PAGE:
I am a cynic about many things. I’m sure that comes as not much of a surprise to anyone who reads this blog on a regular basis. No doubt the course of this 2016 season is bringing out the snark in me, especially when I listen to folks try to defend two of the most disappointing games I’ve sat through in Sanford Stadium (and remember, Kirby’s only coached four home games!) as somehow being in context with the history of the Georgia program.
But I’m not that cynical, as this putrid Jeff Schultz column reminds me. All it takes is a little condescension to bring me back to being clear-eyed about Georgia’s future with Smart.
It’s fair to have concerns about the Bulldogs in general and Smart in particular. But seven games into Smart’s first season is a little early for grand proclamations. His 4-3 start — while alarming given the Vandy game, the blowout at Ole Miss and the debacle against a bought-and-paid-for FCS opponent, Nicholls State — isn’t that dissimilar to the seven-game records of the previous seven six Georgia head coaches. Consider: Wally Butts 3-4; Johnny Griffith 3-4, Vince Dooley 4-2-1, Ray Goff 4-3, Jim Donnan 3-4, Mark Richt 5-2.
There is criticism. There is noise. There is a consensus in the dark corners of the social-media underworld that the house is on fire and that Smart is overmatched in his position.
Okay, a lot of condescension. But I digress. There is a vast difference between being frustrated over a few early season debacles, not that I’m excusing those, and believing that the experiment is ready to be deemed a total failure. It’s not fair to Smart (not that he’s likely to care much at this point, to be honest), who’s operating under a longer time frame than those of Schultz’ ilk credit Georgia’s fans with having. At least I hope it’s just those of Schultz’ ilk.
I know that some of you are absolutely going to despise this quote because of its source, but if you can take the trouble to separate the message from the messenger, it says a lot about what Smart believes he’s doing.
On the idea of “middle management,” sometimes your job is just to make things work. And sometimes your task is to make incremental improvements. It’s like steering an ocean liner and making a 2 degree turn so that 10 years from now we’re suddenly in a very different place. You can’t turn 50 degrees all at once because that’s not how societies – especially democracies – work. As long as we’re turning in the right direction and we’re making progress, government is working like its supposed to.
I have to start with the supposition that there was a legitimate reason to replace Mark Richt, and, honestly, been there, done that. Further, as a Georgia fan, even if I question the process that brought Kirby Smart home — and, boy, do I — I sincerely hope and am invested in the belief that his vision will ultimately be vindicated. There have been longstanding flaws in the program that need fixing, and that fixing won’t come overnight.
None of that, admittedly, makes this season any more pleasant to suffer through. What bugs me the most about that is no one associated with the administration has ever had enough respect for me or the rest of the fan base to admit the reality of the situation. Smart himself used Obama’s big boat analogy to describe his approach to this season, although admittedly without getting very deep into what the likely consequences in the short term would be. But the people who were responsible for bringing Kirby Smart to Athens? Please.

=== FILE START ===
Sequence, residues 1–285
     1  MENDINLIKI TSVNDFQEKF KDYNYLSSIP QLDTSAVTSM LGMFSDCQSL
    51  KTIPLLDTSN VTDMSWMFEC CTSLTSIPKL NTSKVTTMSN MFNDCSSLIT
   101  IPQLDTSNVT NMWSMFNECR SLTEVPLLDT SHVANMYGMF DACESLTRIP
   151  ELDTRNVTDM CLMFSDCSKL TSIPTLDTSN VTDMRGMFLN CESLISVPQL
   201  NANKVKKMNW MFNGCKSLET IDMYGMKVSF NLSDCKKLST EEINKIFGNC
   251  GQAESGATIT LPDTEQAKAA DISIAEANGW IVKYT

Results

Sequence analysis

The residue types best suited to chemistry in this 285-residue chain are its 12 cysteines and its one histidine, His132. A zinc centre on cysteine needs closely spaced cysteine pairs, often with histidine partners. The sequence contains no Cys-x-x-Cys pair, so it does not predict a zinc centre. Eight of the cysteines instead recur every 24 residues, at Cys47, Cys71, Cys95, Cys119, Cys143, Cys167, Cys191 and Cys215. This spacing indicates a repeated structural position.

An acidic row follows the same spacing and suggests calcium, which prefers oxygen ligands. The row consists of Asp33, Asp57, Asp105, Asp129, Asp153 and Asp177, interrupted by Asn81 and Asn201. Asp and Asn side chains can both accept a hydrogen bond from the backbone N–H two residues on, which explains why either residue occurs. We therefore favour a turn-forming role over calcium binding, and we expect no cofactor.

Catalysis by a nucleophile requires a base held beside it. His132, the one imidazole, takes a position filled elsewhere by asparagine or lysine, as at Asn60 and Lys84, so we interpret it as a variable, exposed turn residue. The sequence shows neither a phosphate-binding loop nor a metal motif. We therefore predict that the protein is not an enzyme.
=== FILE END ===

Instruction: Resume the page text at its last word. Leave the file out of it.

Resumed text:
Either they themselves were in the camp that blinded itself to that because of a naive belief that “we’re Georgia and Richt was holding the program back!”, because ninety three thousand showed up at G-Day or some other nonsense, or were in a cynical group who didn’t know what might be coming, but saw an opportunity arising out of the natural excitement that comes with a coaching change to flush a few extra bucks out of our wallets while the honeymoon was in full effect.
All of which is why I can sympathize with those of us who are plenty disturbed from the low points we’ve been through in a mere seven games, while acknowledging that it’s not easy for any of us to see if in fact Smart’s on to something when he says things like this:
“I don’t deal with it,” he said Tuesday. “I focus on us getting better. With this job comes criticism. I’ve accepted it. I’ve seen it. I’ve seen it with good friends and programs I’ve been in. That doesn’t scare me. What I’m worried about is our team and our players developing.”
I’m fairly certain I’ll do more grumbling this season, because there’s no reason to think after last Saturday any real corners have been turned when it comes to how this team approaches a game. When I do grumble, though, I’ll do my best to confine my irritation to the effort at hand, as opposed to any bigger picture stuff, because it’s simply too soon to draw any overarching conclusions.
For those of you who can’t quit the Alabama 2007 analogy — and note that Schultz indulged you — I will grant you that I would love as much as the next Georgia fan to experience the same shock I had watching Saban’s team in the following season’s opener demolish Clemson in a red and black setting, but who’s to say things will turn around that dramatically? I will settle for recognizing steady progress as it comes. For now, I’ve got no choice but to go with the flow.
At least I’m not cynical enough yet to think about what comes if Smart’s wrong. Let’s hope you don’t have to check back with me in three years or so on that.